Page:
Well, that got your attention. But the title isn’t original; it’s taken from a number of newspaper articles that describe the approaching end to the search for the mysteriously named Higgs boson.

As we all know (!) the Higgs boson is that supposed subatomic particle, that basis of all matter, which, if it exists is god – perhaps I should leave the typo – news for those who persuaded Europe to spend close to $7 billion looking for it, and a lot of red faces if they find out it doesn’t exist.

Far be it for me to write a science blog and explain that discovery of the Higgs boson would support the standard model of physics that supposed tiny ‘subatomic’ particles combined to form the atoms that make the universe. The elusive one of those particles is our Higgs boson. Not finding it will have all students of physics since the 1960s with a great hole in their knowledge, or to put it another way, a whole lot of knowledge that is quite simply wrong.

The reason I am finding this so interesting is the connection to nothing. After all, what is the Higgs boson if not the closest we can get to nothing? And it is why it is also called “the God particle”.

And so it goes on: the unquenchable quest for nothing, the urge to find the smallest point before there is nothing. The Higgs boson, God, or whatever…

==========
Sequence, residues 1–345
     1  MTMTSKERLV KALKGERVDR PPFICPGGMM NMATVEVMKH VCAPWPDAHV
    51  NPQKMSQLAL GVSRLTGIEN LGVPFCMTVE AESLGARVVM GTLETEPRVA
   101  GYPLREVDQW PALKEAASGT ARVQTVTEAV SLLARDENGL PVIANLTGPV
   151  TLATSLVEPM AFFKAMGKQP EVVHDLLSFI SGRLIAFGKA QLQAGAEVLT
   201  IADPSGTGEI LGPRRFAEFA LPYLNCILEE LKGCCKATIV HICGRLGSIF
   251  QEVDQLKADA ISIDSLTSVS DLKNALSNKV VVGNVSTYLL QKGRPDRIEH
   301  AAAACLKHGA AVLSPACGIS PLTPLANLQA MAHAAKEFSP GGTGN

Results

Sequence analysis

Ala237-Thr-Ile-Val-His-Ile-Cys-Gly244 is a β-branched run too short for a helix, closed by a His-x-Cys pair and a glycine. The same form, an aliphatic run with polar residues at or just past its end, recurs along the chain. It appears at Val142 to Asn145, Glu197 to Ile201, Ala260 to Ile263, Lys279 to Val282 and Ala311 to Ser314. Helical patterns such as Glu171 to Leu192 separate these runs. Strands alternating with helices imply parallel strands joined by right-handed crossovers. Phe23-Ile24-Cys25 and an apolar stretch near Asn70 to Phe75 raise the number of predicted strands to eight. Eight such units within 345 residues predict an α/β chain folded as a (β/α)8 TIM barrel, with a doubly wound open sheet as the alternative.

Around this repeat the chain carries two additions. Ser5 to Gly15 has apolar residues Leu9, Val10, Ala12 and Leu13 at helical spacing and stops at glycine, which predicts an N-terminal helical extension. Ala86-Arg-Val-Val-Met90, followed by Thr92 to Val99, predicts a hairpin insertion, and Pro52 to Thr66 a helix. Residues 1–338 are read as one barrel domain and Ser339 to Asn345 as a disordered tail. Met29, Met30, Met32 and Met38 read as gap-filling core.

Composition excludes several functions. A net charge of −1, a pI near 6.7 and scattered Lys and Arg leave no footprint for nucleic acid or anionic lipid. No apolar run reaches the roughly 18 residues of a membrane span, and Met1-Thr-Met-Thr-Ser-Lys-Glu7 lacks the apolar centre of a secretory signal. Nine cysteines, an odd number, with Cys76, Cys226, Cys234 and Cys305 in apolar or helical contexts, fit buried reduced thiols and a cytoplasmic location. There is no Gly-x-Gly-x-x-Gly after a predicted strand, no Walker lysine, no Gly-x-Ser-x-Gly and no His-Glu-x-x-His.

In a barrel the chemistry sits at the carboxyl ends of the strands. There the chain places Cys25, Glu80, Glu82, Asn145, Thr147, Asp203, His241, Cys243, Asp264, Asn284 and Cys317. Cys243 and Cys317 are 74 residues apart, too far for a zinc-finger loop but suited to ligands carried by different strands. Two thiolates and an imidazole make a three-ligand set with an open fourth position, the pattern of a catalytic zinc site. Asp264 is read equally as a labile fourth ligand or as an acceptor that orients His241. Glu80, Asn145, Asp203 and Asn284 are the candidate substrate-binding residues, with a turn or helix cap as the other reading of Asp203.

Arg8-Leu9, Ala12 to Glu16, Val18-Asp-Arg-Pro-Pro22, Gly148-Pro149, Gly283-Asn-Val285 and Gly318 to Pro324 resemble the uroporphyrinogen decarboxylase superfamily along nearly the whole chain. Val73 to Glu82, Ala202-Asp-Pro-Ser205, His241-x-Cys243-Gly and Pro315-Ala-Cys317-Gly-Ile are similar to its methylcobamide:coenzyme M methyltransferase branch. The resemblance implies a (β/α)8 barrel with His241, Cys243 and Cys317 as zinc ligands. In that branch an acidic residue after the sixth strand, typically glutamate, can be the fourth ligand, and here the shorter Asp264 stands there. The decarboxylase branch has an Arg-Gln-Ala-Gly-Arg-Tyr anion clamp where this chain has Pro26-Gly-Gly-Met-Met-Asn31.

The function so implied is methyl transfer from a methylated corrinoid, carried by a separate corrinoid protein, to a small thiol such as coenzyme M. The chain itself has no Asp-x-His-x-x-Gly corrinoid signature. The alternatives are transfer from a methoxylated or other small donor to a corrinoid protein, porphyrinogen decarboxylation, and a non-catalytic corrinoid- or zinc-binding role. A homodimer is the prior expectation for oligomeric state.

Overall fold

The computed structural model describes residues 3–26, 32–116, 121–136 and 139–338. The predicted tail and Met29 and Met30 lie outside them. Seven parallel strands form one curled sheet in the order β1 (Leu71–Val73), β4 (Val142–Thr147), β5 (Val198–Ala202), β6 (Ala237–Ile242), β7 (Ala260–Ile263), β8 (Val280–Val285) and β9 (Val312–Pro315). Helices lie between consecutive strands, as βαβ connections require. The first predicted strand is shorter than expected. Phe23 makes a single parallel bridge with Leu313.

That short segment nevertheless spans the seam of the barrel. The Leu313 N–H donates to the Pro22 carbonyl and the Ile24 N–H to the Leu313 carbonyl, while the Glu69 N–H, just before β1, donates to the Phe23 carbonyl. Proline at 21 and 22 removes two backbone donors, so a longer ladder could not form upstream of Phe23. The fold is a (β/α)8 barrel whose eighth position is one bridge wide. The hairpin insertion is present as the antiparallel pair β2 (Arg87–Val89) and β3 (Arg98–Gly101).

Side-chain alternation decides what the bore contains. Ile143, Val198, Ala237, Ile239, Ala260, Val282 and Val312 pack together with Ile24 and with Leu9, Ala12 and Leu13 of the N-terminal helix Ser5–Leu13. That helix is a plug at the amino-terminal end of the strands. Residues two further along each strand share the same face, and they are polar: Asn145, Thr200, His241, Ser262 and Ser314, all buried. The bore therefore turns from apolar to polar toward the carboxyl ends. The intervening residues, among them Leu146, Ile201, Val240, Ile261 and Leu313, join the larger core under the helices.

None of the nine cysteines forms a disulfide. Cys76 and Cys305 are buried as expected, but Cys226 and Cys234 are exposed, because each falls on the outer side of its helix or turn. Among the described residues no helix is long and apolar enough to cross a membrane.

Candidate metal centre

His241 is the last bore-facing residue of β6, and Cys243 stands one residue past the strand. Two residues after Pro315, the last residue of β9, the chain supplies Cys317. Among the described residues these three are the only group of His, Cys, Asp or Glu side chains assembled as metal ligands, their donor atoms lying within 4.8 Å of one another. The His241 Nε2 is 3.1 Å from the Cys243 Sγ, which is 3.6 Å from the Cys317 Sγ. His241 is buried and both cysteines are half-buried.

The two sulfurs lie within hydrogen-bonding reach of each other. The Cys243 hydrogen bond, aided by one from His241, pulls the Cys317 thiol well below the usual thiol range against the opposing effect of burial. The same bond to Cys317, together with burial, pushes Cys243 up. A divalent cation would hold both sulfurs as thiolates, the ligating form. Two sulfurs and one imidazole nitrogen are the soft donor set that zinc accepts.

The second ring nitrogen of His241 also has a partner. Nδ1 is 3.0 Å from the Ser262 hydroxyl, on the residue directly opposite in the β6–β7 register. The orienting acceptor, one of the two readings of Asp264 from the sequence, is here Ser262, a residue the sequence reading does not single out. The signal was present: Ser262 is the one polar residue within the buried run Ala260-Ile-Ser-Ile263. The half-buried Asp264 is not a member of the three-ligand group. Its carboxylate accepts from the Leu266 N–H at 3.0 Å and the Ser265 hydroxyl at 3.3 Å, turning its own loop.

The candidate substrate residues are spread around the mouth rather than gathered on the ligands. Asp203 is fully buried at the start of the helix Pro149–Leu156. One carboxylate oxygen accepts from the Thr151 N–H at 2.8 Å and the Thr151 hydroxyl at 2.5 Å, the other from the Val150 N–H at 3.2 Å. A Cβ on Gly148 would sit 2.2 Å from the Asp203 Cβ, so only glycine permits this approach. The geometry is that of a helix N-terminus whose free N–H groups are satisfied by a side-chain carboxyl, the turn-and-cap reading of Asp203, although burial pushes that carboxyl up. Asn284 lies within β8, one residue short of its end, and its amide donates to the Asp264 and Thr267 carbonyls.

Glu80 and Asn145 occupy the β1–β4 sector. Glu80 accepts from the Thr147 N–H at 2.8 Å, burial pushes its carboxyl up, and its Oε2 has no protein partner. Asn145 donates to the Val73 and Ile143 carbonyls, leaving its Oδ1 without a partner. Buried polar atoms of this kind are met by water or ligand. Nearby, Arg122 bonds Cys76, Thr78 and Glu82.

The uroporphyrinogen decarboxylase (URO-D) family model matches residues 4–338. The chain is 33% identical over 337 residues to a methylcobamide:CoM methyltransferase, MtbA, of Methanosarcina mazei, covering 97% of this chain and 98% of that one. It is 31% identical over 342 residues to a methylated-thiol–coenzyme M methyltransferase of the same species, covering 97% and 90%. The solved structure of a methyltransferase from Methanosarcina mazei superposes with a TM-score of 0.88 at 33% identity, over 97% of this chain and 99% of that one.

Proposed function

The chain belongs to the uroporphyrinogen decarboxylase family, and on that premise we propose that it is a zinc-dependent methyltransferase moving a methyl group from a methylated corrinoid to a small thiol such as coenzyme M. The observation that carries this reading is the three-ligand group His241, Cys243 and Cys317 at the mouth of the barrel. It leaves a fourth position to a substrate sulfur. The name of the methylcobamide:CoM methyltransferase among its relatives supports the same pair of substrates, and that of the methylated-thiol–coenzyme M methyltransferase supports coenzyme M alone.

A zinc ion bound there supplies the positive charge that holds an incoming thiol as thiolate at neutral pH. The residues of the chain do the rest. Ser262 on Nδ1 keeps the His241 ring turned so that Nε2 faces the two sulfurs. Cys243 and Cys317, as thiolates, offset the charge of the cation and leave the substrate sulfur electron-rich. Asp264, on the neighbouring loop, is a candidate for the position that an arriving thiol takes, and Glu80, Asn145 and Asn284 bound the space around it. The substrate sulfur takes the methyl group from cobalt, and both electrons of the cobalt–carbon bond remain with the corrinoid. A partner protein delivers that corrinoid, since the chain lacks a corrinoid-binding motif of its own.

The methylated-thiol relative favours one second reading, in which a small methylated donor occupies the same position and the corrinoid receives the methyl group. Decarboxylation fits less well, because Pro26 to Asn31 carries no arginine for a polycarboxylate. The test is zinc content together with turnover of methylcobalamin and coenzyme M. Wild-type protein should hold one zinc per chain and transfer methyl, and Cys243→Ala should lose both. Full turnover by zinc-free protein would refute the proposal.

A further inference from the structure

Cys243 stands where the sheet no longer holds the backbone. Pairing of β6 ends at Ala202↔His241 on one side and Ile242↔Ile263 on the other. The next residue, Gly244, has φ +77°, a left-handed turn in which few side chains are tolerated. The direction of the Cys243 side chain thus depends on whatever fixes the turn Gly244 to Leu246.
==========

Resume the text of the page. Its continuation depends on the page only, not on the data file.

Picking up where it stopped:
After they find it – or some other “God particle” – what happens? One step beyond, will there be nothing? Will everything all disappear?

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5 comments on “Looking for the God Particle

  1. Tina on said:

    Got link for your blog from LinkedIn Philosophy thread. It is more likely that discovery of the ‘smallest’ subatomic particle will only lead to realization that there are even smaller sub atomic particles…I propose infinity in all directions.

  2. Ronald Green on said:

    I think you are right, Tina. The urge to get to nothing is astonishing. There will always be something smaller and then something smaller than that. It is what happens in minimalistic art, with the urge to get to less and less in order to get to the basics. It’s impossible, of course.

  3. Hrvoje Crvelin on said:

    I disagree with what you are saying here in several aspects. LHC (and any past and future accelerator) is tooling used to test models and find more about particle zoo we have. As such, search for Higgs boson has received loads of media hype, but this is not the only purpose of LHC. Far away from that. Finding Higgs or finding that it’s not there (or at least not where we expect it to be) is equally important. Knowing this builds further paths of exploration and search for knowledge. Concept of nothing to be is closely related to concept of infinity or finite sizes – it is interesting and mind bowling due to its nature which is not our common experience, but once you dig further it gets interesting from many points and views.

    In our universe or reality, we are aware of certain finite features and they do build virtual cage as far as we can go (technologically not being able to reach those is something completely different – that’s dynamic component).

    As always, I expect Standard model to be incomplete and I believe many would agree to that. And that’s beauty of the science; questioning all the time values we firmly set and learning more about reality around us. From that point, I would say quantum physics (and not just physics) has opened, and still is as we just started grasping initial concepts, may change our notion of reality in future (space, time and its projection).